It was way back in 2011 that ASUS launched the Zenbook series. The original UX21E and UX31E were the first of the thin and light Ultrabooks from ASUS to bear the Zenbook brand, and featured an all-aluminum chassis. ASUS has kept the styling consistent over the years, and refined their Zenbook with each new model. The new UX305 is their thinnest and lightest incarnation to date and keeps the Zenbook aluminum frame, with the distinctive concentric-circle finish on the lid, and squeezes the laptop down to an incredible 12.3 mm thickness.

Part of that story is what is powering the UX305. Intel’s Core M processor is a 4.5 watt chip which has compressed the entire system on a chip into a much smaller package than the traditional Core processors that have powered the other Zenbooks. ASUS has created a system board with a ten-layer high-density PCB which is only 0.83 mm thick, and roughly the size of a six-inch smartphone. Core M, with its low Thermal Design Power (TDP), also enables fanless devices, and ASUS has done this to provide a laptop computing system with no moving parts at all, and therefore it is virtually silent.

The most amazing thing about the ASUS UX305 though is that the company has crafted an all-aluminum, thin, light, and capable Ultrabook for only $699. With this kind of price point, one would expect sacrifices to be made in the specifications, but that is not really the case at all. For the base starting price, the UX305 comes with the Core M-5Y10 processor which has a base clock of 800 Mhz and boost to 2 GHz, along with 8 GB of LPDDR3-1600, and a 256 GB Solid State Drive. The display is a 13.3 inch 1080p IPS panel, and in April a 3200x1800 model will be available which includes multi-touch.

ASUS Zenbook Ultrabook
  UX305FA- As Tested, Core M-5Y10, 8 GB RAM, 256 GB SSD, 1920x1080 IPS display, 802.11n Wi-FI
Processor Intel Core M-5Y10 (2C/4T, 0.8-2.0GHz, 4MB L3, 14nm, 4.5w)
Intel Core M-5Y71 (2C/4T, 1.2-2.9GHz, 4MB L3, 14nm, 4.5w)
Memory 4GB or 8GB LPDDR3-1600Mhz
8GB Standard in NA
Graphics Intel HD 5300 (24 EU, 100-800 MHz on 5Y10, 300-900 Mhz on 5Y71)
Display 13.3" 1920x1080 IPS matte
AUO212D

Optional 3200x1800 PLS
Optional Mult-touch
Storage 128GB or 256GB SSD
Sandisk model
256 GB standard in NA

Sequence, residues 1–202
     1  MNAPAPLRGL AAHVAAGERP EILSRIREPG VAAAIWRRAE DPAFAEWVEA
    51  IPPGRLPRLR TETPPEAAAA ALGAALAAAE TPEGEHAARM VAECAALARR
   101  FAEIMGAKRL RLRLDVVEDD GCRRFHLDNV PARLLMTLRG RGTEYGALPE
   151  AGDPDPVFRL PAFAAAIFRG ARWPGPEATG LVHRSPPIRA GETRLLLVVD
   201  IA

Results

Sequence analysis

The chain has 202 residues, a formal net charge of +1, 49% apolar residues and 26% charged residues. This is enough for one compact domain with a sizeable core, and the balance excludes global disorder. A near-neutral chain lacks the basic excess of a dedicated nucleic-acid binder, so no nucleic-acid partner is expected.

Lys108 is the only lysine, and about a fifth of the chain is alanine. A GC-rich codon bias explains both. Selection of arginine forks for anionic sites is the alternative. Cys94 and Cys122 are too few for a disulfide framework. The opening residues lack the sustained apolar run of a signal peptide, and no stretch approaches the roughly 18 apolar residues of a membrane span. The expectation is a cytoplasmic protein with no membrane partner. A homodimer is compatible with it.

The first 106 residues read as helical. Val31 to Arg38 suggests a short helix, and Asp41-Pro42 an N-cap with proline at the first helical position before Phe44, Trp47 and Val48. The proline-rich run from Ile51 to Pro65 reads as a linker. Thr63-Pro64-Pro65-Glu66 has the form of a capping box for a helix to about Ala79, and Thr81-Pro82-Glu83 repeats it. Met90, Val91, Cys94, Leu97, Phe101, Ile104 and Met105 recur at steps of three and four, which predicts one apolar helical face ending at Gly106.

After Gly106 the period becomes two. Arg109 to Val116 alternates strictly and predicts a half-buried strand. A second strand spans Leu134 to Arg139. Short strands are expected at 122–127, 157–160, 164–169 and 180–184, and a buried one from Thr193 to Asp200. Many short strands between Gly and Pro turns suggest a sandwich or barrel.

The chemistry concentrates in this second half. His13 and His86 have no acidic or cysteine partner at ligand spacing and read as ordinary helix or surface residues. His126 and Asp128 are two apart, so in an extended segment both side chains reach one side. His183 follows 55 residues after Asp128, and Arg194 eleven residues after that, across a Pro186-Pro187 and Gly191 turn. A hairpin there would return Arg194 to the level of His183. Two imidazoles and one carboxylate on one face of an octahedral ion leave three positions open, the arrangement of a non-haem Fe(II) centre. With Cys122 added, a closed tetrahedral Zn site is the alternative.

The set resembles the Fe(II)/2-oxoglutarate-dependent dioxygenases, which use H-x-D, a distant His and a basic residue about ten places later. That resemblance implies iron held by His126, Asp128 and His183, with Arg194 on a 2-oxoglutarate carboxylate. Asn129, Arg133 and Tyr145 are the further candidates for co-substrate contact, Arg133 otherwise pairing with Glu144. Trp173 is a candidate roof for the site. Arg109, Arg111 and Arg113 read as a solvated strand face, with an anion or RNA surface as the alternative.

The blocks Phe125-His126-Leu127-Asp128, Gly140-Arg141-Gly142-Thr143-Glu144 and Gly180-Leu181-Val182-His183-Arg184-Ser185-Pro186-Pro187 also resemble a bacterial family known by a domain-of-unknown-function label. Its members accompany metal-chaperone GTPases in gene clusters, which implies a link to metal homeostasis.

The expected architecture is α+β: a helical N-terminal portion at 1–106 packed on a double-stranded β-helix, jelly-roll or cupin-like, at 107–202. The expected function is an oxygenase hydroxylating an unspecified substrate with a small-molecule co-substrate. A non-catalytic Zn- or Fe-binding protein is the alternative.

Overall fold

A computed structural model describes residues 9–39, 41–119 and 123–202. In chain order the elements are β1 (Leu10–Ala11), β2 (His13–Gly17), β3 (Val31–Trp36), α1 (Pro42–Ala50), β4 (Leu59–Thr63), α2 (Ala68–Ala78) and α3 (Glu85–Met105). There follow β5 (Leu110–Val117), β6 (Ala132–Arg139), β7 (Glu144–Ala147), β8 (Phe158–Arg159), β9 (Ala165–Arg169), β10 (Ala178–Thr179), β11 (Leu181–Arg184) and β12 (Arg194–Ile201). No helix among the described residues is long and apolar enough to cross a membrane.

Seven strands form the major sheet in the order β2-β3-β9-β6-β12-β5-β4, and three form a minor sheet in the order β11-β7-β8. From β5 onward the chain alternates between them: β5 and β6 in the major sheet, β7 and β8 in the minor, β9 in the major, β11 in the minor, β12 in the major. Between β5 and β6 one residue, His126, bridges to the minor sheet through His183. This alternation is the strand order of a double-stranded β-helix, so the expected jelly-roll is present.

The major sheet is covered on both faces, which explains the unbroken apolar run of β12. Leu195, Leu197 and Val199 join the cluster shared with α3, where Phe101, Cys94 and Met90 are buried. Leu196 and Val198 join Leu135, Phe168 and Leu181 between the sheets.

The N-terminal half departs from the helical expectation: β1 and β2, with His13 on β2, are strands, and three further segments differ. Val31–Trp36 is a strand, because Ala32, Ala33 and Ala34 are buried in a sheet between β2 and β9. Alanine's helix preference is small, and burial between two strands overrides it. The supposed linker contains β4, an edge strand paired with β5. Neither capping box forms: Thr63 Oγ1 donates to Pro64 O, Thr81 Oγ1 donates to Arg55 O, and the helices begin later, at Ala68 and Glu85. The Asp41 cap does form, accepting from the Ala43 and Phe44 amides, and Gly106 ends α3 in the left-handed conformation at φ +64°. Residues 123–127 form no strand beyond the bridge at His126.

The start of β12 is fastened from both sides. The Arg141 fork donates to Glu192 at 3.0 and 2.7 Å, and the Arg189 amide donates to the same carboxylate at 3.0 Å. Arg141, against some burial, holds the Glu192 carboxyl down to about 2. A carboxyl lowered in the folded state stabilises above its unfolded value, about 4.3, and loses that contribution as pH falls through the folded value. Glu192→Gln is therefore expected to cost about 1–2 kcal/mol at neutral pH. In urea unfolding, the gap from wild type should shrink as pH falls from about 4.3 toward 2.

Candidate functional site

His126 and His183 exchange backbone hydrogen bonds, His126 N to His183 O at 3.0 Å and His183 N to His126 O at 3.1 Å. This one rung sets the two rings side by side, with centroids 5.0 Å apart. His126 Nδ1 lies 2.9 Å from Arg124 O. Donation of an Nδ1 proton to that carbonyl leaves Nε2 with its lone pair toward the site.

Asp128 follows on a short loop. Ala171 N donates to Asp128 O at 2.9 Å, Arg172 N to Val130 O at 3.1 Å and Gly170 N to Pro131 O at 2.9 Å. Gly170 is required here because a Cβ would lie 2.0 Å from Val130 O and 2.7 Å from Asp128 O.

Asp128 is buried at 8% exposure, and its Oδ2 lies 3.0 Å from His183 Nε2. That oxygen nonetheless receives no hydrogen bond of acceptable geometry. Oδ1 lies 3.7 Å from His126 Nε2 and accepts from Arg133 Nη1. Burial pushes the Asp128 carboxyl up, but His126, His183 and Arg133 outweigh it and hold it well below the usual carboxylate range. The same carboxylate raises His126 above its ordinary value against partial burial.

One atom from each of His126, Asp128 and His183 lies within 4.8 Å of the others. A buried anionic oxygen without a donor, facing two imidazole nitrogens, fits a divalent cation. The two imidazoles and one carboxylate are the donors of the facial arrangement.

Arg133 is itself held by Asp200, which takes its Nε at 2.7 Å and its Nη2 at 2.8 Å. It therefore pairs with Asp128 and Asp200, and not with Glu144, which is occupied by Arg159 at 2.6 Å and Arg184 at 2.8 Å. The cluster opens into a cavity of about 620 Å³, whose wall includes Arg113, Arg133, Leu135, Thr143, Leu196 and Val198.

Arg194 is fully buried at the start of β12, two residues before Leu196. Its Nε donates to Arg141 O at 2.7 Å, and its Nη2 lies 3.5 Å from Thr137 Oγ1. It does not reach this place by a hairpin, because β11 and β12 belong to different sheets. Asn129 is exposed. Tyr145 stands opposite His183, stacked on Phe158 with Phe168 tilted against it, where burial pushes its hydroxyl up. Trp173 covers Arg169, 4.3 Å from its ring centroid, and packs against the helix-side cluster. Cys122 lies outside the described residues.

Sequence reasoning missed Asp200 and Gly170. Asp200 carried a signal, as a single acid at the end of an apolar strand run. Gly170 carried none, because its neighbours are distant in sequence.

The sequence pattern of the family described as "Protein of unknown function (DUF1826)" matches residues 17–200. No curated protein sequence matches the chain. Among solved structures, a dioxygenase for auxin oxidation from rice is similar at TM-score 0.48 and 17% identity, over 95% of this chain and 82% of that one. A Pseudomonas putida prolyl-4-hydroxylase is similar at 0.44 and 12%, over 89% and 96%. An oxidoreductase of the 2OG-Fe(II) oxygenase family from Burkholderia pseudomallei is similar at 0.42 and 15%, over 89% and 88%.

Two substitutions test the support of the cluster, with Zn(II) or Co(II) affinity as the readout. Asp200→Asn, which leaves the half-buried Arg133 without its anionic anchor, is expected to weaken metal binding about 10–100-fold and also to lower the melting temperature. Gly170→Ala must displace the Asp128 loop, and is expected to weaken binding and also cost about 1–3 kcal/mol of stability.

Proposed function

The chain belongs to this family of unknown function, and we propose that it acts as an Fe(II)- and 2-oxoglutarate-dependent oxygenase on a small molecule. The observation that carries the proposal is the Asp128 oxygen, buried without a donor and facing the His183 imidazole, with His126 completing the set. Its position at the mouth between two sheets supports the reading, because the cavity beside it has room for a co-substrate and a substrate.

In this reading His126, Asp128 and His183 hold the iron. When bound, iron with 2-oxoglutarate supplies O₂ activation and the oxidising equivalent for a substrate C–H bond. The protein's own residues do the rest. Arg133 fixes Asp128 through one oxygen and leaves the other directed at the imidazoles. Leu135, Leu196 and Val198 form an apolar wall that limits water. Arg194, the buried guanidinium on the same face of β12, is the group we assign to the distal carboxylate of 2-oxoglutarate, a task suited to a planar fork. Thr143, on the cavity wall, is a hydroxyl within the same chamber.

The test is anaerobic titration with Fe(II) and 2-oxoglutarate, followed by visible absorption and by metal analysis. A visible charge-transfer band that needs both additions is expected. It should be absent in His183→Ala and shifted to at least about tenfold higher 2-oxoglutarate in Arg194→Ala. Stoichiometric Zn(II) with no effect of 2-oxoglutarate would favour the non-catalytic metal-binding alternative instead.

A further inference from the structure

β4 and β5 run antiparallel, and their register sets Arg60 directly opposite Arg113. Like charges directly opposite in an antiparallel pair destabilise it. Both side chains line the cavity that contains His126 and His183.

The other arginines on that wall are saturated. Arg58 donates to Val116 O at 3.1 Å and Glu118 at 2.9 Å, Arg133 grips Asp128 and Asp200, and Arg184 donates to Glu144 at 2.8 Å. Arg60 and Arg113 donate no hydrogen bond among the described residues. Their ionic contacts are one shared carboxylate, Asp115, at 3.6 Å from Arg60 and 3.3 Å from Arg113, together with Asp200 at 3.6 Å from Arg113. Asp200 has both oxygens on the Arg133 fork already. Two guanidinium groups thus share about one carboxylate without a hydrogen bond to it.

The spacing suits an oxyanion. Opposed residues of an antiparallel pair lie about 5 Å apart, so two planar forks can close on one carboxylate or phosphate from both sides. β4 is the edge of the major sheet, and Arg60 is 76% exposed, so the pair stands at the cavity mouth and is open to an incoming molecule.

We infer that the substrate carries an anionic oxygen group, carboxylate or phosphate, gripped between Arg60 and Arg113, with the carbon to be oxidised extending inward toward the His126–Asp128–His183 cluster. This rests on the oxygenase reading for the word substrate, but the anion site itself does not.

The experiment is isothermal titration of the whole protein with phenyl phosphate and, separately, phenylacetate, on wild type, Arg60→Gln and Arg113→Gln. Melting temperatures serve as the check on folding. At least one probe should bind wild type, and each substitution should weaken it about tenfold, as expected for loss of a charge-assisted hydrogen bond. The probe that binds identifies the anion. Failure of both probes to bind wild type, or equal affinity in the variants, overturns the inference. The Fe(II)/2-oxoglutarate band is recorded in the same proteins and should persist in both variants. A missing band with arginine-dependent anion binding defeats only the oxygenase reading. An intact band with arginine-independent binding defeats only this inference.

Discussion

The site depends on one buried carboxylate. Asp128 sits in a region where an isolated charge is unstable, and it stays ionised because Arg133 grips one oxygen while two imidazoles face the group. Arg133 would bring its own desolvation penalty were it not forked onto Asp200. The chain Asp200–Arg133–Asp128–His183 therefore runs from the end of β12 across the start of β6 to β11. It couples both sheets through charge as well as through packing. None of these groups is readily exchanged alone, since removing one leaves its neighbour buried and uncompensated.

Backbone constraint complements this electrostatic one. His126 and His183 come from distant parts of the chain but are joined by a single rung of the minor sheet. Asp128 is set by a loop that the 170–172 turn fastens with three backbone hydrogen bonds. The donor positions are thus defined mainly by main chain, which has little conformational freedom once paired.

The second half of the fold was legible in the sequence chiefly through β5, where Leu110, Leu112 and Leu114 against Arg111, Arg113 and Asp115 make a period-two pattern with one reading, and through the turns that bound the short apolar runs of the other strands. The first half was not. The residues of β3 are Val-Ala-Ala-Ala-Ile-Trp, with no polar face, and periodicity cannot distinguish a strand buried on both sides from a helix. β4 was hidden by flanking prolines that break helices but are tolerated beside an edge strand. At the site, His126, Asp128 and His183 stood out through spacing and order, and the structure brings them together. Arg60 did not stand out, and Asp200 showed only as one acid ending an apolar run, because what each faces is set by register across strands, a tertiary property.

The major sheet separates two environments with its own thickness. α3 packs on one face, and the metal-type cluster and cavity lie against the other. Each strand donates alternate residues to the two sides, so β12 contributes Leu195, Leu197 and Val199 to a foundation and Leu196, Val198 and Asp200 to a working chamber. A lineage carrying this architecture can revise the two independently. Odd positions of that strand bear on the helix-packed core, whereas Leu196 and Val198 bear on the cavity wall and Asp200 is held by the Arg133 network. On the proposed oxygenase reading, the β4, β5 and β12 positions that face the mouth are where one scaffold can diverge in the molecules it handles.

Networking Intel Dual Band Wireless-N 7265 (802.11n, 2x2:2, 300Mpbs Max, 2.4 and 5GHz)
Optional
Intel Dual Band Wireless-AC 7265 (802.11ac, 2x2:2, 866 Mbps Max, 2.4 and 5GHz)
Audio Conexant SmartAudio HD
Stereo Speakers (downfiring)
Battery 45 Wh Battery
45 Watt charger
Right Side Power Input
USB 3.0 Port
micro-HDMI Port
Headset Jack
Left Side 2 x USB 3.0 Ports
SD Card Reader
Dimensions 324 x 226 x 12.3mm (12.75 x 8.9 x 0.48 inches)
Weight 1.2 kg (2.6 lbs)
Extras 720p Webcam
Colors Obsidian Stone, Ceramic Alloy
Pricing $699-$999 USD

For the US market, the $699 5Y10, 8GB, 256 GB 1080p model will be the base, however they will offer other configurations in other markets. As far as specifications, there is very little to complain about. ASUS has still managed to fit a 45 Wh battery onboard, and it has all of the ports one would expect of a modern Ultrabook, with three USB 3.0 ports including one port with sleep charging, a micro-HDMI port, a headset jack, and a micro SD card slot. They have even fitted a 720p webcam. Really the only spec that that might be considered cutting corners is the 802.11n wireless, but some models will come with 802.11ac as well. ASUS has packed all of this into just 1.2 kg, so the UX305 is very light too.

One look at the UX305 and you can instantly tell that ASUS is going for those who are after a premium Ultrabook, but with a budget price. However that budget does not mean that it skimps on the necessities like storage or RAM. At CES, I was hopeful that the push to lower cost devices with solid state storage would be right around the corner, and clearly that is the case. Many of us who follow technology get asked for recommendations on devices to purchase, and it was difficult to find a quality device for a reasonable price that included solid state storage. ASUS has shattered that barrier with a 256 GB SSD at this price point.